|10-02-2006, 06:39 AM|
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MERRILL: Poised Huard sparkles in rout
Poised Huard sparkles in rout
It was forever ago, that afternoon when a family member observed Damon Huard’s tangled-up pregame psyche and said, “Right now, he’s one nervous little guy.”
It was 17 days ago.
That’s the beauty of having an open date. For Kansas City, it turned Huard from game manager to gunslinger, sullen to strutting. Huard was clutching onto his Nike sunglasses late Sunday, because the glare was that bright and the backup quarterback was that big in the Chiefs’ 41-0 win over San Francisco.
He laughed when reminded that nobody, outside of maybe the Chiefs’ locker room, thought he could carry a game with his arm the way he did Sunday.
“That’s OK,” he said. “I haven’t played much.
“If you stay at the table long enough, you’re going to be dealt some cards.”
Everything, from the clear skies that replaced the pelting rain to the appearance on the sideline of Trent Green, was different from the last time Kansas City played at Arrowhead Stadium on Sept. 10. The same Chiefs offense dubbed conservative and inept scored on its first two possessions and piled up 24 points by halftime.
The same backup quarterback who stumbled through that game against the Bengals was poised and as cocky as Damon Huard can be. In one of the biggest displays of emotion by a Chiefs quarterback in recent memory, Huard hit Dante Hall with a 13-yard touchdown pass on the opening drive and then stood on the 42, arms in the air and head to the sky, and pumped his fist three times before bouncing off the field.
He slammed his Gatorade cup into the trash bin. It had been a long two weeks in Kansas City, and the words “must win” filled meeting rooms and practice fields. Coach Herm Edwards, who says he never panics, made it clear that an 0-3 start would at least be time to squirm.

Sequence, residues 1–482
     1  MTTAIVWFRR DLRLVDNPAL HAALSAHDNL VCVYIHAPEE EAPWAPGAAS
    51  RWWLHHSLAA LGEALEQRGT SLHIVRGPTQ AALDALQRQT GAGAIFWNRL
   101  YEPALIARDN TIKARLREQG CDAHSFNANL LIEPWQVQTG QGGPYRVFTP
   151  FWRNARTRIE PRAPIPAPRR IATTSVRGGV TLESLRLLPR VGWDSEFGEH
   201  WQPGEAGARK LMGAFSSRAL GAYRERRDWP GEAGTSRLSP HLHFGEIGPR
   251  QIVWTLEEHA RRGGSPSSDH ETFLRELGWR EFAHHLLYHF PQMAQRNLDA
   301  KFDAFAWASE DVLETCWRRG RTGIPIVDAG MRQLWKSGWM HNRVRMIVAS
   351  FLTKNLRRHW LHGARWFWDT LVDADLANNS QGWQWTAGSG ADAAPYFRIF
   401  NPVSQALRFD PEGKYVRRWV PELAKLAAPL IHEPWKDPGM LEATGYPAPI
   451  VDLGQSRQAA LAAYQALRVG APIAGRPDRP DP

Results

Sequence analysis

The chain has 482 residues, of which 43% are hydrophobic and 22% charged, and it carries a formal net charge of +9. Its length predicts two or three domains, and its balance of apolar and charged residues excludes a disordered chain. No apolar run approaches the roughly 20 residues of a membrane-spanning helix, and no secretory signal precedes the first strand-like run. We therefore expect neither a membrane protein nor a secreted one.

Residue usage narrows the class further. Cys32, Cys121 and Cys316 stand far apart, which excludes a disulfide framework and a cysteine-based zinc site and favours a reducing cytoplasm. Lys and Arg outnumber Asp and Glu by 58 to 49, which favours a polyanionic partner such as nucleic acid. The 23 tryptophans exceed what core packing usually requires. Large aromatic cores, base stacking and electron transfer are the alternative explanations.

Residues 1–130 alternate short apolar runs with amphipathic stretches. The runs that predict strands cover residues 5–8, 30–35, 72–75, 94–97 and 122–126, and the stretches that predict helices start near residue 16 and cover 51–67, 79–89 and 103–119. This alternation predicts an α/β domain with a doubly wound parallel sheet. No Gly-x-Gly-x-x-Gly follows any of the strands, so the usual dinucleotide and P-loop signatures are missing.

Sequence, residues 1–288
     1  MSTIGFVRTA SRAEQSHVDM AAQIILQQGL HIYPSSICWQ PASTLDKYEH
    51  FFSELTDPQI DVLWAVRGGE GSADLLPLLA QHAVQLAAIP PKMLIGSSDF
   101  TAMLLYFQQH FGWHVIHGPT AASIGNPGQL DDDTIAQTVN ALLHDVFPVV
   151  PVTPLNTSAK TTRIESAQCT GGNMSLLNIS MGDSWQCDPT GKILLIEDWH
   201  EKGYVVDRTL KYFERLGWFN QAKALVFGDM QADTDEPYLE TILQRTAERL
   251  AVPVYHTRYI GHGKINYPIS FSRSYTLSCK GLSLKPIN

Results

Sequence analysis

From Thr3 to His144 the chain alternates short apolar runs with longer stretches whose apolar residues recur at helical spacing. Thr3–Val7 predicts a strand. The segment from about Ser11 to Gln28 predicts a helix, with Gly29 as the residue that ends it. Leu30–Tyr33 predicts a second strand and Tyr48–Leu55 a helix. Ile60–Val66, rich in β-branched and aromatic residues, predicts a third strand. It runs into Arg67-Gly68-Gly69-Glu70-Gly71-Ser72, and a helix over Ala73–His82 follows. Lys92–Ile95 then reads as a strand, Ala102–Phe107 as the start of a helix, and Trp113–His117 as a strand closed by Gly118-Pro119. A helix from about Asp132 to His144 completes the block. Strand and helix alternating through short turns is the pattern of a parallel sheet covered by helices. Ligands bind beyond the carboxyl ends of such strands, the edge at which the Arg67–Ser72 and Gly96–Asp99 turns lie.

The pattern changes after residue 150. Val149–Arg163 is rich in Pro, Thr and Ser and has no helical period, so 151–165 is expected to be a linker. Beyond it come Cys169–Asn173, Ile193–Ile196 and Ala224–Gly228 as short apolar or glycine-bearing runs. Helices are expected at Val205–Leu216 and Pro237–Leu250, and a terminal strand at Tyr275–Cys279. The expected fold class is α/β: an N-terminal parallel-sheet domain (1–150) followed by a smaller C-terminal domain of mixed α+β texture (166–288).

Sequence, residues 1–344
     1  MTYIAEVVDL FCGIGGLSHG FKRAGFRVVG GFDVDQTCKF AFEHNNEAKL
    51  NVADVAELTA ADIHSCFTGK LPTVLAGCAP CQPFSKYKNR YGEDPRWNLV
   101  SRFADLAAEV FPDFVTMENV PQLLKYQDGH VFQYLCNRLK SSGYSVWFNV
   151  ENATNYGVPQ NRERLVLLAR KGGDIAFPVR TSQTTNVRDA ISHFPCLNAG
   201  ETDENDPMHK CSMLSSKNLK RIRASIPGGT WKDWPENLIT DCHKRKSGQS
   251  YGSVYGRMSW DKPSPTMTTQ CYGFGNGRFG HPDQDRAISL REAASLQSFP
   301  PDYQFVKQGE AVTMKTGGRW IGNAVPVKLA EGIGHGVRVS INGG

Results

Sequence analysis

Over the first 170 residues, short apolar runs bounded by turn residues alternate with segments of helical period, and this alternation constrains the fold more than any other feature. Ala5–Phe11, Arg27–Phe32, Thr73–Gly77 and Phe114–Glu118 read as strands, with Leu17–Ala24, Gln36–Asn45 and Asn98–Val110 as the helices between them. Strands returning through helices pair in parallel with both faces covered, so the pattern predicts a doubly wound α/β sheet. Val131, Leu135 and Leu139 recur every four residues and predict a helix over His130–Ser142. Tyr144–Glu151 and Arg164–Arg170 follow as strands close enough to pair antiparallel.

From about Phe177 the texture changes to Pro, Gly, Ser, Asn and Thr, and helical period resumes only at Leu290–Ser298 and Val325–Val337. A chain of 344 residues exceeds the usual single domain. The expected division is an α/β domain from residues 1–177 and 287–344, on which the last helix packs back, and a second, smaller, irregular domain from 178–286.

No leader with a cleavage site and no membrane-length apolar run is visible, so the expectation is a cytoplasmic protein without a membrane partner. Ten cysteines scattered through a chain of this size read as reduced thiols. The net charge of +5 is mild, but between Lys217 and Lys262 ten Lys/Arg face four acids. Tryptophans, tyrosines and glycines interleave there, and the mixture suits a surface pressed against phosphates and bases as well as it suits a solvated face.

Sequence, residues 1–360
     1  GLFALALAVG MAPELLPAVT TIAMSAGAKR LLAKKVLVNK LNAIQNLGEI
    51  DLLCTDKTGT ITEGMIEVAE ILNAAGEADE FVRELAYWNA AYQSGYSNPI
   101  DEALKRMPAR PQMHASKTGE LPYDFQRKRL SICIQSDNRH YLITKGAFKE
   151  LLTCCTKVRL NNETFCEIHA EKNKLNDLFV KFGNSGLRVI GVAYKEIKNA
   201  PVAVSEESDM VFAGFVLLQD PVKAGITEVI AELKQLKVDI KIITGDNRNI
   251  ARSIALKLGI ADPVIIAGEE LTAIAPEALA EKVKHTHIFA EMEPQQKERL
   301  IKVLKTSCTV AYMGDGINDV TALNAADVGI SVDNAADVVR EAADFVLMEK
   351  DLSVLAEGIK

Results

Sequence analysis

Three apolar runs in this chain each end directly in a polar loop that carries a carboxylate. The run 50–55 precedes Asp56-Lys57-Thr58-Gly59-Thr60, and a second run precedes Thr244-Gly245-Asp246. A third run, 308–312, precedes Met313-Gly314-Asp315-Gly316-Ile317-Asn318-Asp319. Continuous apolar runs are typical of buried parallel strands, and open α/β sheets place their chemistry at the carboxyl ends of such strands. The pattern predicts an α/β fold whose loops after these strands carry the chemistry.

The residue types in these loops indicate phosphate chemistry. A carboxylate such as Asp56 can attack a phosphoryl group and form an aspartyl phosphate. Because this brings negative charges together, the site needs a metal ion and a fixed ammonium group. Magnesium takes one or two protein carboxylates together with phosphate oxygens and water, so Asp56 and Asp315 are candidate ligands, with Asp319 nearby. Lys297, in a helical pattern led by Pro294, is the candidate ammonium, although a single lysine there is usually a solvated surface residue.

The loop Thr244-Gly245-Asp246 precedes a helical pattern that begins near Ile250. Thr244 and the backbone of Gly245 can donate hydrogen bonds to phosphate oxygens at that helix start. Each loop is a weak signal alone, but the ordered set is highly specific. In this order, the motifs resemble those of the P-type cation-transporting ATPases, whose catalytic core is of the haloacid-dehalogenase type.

“They had no excuse for not winning this game,” Edwards said. “They had to win, period. We were going to play all day until we won the football game.”
Everyone, from the kicker to the defense to Edwards, knew the sense of finality another home loss would bring. For three weeks, Edwards was answering questions about why his offense was so conservative and whether his defense was finally fixed. The latter question may have been answered by the fourth quarter, when the Chiefs were finishing their first shutout in four years.
Kansas City forced four turnovers, racked up 23 first downs and smothered the NFL’s fifth-ranked offense.
“That’s a big game, you know?” right tackle Kevin Sampson said. “It was a must win. There were no other options for us.”
The day started with roughly 77,000 erupting in applause when Green’s face flashed on the big screens. Green was on the sideline for the first time since being knocked unconscious in the Bengals game, and the Chiefs said later that he had a calming influence on the team.
The vibes permeated through Huard. He marched the Chiefs 60 yards at the start of the game and then threw a perfect pass to Hall in the corner of the end zone. It was just the second touchdown of the season for an offense that ranked as the NFL’s best in 2005. It was just the start for Huard.
Edwards said he could see it in his quarterback’s eyes, the confidence. Two weeks ago, Huard was thrust into his first start in six years at Denver. He didn’t get the win but kept the Chiefs in the game in a 9-6 overtime loss. And Sunday, after two weeks of developing a rhythm and some chemistry with his receivers, Huard was ready.
He hit 13 of his first 15 passes and had 152 yards and two touchdowns by halftime. He put the 49ers on their heels when they tried to stack against the run.
“He was like a little kid out there,” tight end Jason Dunn said. “I’ll tell you what, he benefited from that week off. You’ve got to go back to the basics of having fun. You’ve got to go back to being 11 years old again.”
Or 33 and rejuvenated. Chiefs guard Brian Waters found Huard’s first-quarter touchdown celebration endearing, mainly because it had seemed like forever since they’d scored a touchdown. Actually, it had been three weeks before Sunday.
And in Kansas City, that’s an eternity.
“I guess I was a little animated and excited because that first touchdown, that first drive, just felt good,” Huard said. “Guys made plays, and boy, it was fun.”